Close examination showed the Confederates of Washington County to be large planters and their dependents, their sons, the merchants with whom they dealt, the lawyers and clergymen they patronized, and the poor white men who worked as day laborers, an alliance of the very rich and the very poor. The division between Unionist and Secessionist was not simply between rich and poor. The middle class that had no economic interest in the slave economy tended to be solidly Unionist, and why not? These Middle-class folk themselves were oppressed economically by the system. Moreover, they tended to be mightily offended by the airs put on by the planters, who tended to see themselves as a privileged aristocracy.
PART III. The Fighting Southern Federals
What was the impact of the Southern Loyalists? Three factors need to be considered; the direct contribution of the men as soldiers to the Union cause, the resources expended by the Confederacy to counter the threat, and finally, the loss of manpower to the Southern cause. Taking these in reverse order, the loss of manpower to the South was probably fatal to its cause. While estimates of the numbers differ. Current estimates that as many as 100,000 white men of the South served the Union cause as Federal forces and local defense forces. This was more men than Lee or any other Southern commander ever had under arms at any time. In addition, thousands of other troops were diverted from the main armies to control the loyalists. Cavalry patrols. How much difference would the cavalry patrols that tried to interdict the flow of manpower have made to the cavalry-poor army of Johnston?
Consider the impact of the 30,000 East Tennesseans who joined the Union. Had they joined the Confederate forces, this would have amounted to a swing of 60,000 men, and when the 10,000 Confederates who were required to keep East Tennessee in subjugation are added in, a difference of 70,000 men results.
Finally, there is the direct contribution. There is no question that some of the southern units were hard-fighting, crack units, while others were of questionable value. The Tennessee Unionists units were of solid quality, as were most of the Virginia units, who saw fighting almost from the beginning at Philippi and Romney under McClellan. The First Mississippi Mounted Infantry rode with Grierson in his famous raid through the heart of Mississippi. In the movie "The Horse Soldiers" with John Wayne and William Holden, the Southern-speaking men (Ken Curtis) were authentic and represented the First Mississippi. It is true that when Pickett executed 22 men of the First North Carolina USV, he did, in fact, cut the heart out of some units, particularly those containing "galvanized Yankees." Still, these men could, and did, perform valuable duty in less exposed positions.
Other Unionists such as the First Alabama were dependable units, just as hard-fighting as any Ohio, Maine, or Pennsylvania troops. The Myth of the Lost Cause demands the loyalists be branded as poor soldiers. Interestingly, many of the Unionists served in cavalry units, and early in the war, the quality of the Union cavalry in general was very poor. But by 1864, the Federal cavalry were, in general, at least equal to the Confederates. The hard-riding Blue troopers of Phil Sheridan scattered Jeb Stuart's plumed cavaliers and killed the famed cavalryman. While they never tamed "that devil Forrest", the Union cavalry in general, and the First Alabama did humble Joe Wheeler and Wade Hampton.
PART IV. The Fate of the Southern Unionists During Reconstruction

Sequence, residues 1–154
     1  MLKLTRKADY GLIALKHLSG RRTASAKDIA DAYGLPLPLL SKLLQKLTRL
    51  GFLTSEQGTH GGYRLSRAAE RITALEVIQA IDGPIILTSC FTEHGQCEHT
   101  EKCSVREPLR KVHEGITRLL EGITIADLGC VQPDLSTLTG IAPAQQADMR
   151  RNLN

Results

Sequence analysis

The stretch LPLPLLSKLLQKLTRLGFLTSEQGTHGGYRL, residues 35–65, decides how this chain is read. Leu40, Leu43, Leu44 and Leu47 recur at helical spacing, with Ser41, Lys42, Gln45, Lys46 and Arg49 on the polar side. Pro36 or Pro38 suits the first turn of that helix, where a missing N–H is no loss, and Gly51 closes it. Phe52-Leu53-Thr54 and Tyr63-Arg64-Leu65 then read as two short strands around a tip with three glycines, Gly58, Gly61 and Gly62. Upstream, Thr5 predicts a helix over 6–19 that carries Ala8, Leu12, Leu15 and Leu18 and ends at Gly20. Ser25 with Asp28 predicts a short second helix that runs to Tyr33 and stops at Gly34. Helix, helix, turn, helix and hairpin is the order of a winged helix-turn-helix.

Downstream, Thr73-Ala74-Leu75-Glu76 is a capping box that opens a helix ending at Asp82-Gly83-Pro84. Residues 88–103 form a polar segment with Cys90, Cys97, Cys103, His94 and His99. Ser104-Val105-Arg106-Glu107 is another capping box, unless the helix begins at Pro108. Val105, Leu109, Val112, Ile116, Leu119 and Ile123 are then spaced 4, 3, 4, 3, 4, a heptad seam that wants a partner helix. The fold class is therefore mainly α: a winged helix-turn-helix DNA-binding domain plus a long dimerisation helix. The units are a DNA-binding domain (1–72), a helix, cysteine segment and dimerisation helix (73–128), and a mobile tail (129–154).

The fate of the Southern Unionists began to be clear with the massacre at Ft. Pillow, where Forrest's men massacred a number of white soldiers of the 13th Tennessee Cavalry. The commanding officer, Maj. Bradford, was shot after he had surrendered and was being taken to Forrest's headquarters at Jackson, TN. Yet, Ft. Pillow is remembered mainly for the massacre of black soldiers. Both Congress and Lincoln were forgetting the Tennessee loyalists, and forgotten they are today. Yet, these men risked more for their nation than did the men of the North, for they risked execution on capture and consigned their families to the often not-so-tender mercies of their often unforgiving neighbors.
In part, they fell into obscurity because Lincoln saw the African-American population as representing a larger manpower resource, and after the war, the Radical Republicans sought to consolidate their power through the freed slaves rather than the Southern Unionists. There were some exceptions. Col. Spencer, commander of the First Alabama, was elected governor and then Senator, and was the only Republican re-elected to the Senate. Nontheless, he ended up his years in Nevada, leaving Alabama for a variety of reasons.
Reconstruction under the Act of 1867 brought temporary relief, but the loyalists, like all Southerners, had been impoverished by the War. The Southern economy was in shambles, and the industrial powers of the North quickly established their economic hegemony. Until the late 1940's Southern goods moving north paid a higher price on the railroads than Northern goods moving South or Southern raw materials moving north. Moreover, the white loyalists felt alienated in the Republican Party, which tended to give more emphasis to the needs of the freed slaves than to the loyal whites. One of the tenets of Northern industry was to divide and conquer, and by setting black against white, a reservoir of cheap labor could be guaranteed. Additionally, the often corrupt and inefficient "Carpetbagger-Scalawag" governments did little to help Southerners of any color or loyalty, preferring to line their own pockets. Finally, as racial divisions emerged in the South, the loyalists saw how they finally would have to decide their political loyalties, and so they submerged into the white culture virtually without a trace.
This is a condensed version of "The Southern Loyalist" for more detailed information, follow the link.